US novelist and poet, a leading figure of the Beat group of writers.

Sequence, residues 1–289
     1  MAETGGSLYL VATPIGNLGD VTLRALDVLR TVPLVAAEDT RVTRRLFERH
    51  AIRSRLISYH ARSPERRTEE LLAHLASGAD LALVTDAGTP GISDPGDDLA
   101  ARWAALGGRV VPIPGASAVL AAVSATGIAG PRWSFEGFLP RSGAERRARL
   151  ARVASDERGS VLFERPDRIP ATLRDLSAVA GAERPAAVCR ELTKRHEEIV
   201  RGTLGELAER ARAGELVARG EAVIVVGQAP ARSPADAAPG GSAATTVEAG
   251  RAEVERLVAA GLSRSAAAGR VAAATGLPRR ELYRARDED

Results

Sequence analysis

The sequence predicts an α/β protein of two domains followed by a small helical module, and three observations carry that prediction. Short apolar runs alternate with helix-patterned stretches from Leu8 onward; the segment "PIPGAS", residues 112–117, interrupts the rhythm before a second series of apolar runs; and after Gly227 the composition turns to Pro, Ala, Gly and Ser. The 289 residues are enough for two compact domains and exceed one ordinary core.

Born in Massachusetts into a French-Canadian family, Kerouac studied at Columbia University (1940–42). A decisive event in his short career was his meeting with Allen Ginsberg at William Burroughs's apartment near Columbia: their names became indissolubly linked in the public mind as leaders of the Beats, a term supposedly coined by Kerouac from ‘beatific’. After leaving university and travelling about for a time, Kerouac wrote his first novel, The Town and the City (1950), drawing on the experiences of his family up to World War II. With On the Road (1957), written in a loose ‘spontaneous’ style, Kerouac was established as a hero of the Beat movement. An autobiographical novel, it relates the constant and aimless wanderings of characters whose only motive is self-gratification (chiefly through sex and drugs), though much is made of the spiritual quest that is somehow involved. In Dharma Bums (1958) the subject is similar but with an explicitly Buddhist theme of a search for truth (dharma). This was followed by The Subterraneans (1958), Doctor Sax (1959), Big Sur (1962), Desolation Angels (1965), and other novels. Mexico City Blues (1959) is a collection of poems. Long before his early death, caused by drink, Kerouac withdrew from the Beat scene; none of his later work equalled or had the influence of his first novels.